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Night Techniques

One thing is very different today than in pre-War Okinawa. They did not have street lights, particularly in the rural areas. When it was dark, the only light was from the moon and stars. On a cloudy or moonless night, it was pitch black.

Some Okinawan kata contain night fighting (defense) techniques; that is, techniques designed to overcome nighttime limitations or to exploit them.

The first movement of Kusanaku, for example, is the shield the eyes. When you do this at night, it helps you to see a little better. When the hands come together after making a circle, there is a slight clapping or tapping sound. This might be to attract the opponent's attention and lure him into an attack.

Whe we drop to the ground in Kusanku, this is so that we can better see the opponent, lit by the night sky. It is easier to see from the ground and it is hard to see looking downward.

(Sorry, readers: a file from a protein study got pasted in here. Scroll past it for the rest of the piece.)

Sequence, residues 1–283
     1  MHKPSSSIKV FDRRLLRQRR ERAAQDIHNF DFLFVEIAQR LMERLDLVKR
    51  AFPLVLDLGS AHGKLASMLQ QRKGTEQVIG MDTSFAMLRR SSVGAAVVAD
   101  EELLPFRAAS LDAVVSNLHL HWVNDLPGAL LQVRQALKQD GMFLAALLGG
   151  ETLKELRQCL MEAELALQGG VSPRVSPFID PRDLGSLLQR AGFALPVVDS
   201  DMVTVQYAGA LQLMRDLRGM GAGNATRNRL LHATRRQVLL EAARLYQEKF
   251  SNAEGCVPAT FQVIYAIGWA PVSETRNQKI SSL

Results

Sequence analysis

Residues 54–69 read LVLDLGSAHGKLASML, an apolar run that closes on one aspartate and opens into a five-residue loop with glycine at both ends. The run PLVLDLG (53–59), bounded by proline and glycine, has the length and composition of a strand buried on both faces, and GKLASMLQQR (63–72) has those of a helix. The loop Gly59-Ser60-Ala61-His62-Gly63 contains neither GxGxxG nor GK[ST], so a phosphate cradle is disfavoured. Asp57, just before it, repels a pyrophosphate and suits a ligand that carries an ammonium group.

There are night techniques in other kata as well. In Rohai and Passai, we search with our feet. When we feel the opponent, we instantly strike. In Rohai as well, we search with our left hand and then punch with our right. At night, you must feel for the opponent.

I remember an Iaido kata where we reached out and tapped the ground with the sword. This was to attact the opponent. Then we cut to that spot.

Some people have "loud" kata. They are always making a loud snapping sound with their gi. Obviously this would be a disadvantage at night as it would give away his position.

At night, it is also difficult to keep your balance. You could easily step into a hole or trip over an object. This is one reason why we lightly brush the ground as we step. We do not lift our feet, generally.

Try practicing your kata in the dark. Be very careful, and make sure that the area is safe. See if you notice techniques that lend themselves to the darkness.

I learned about these things from Sensei Katsuhiko Shinzato, Sensei Pat Nakata, and Mr. S. Sunabe.


Charles C. Goodin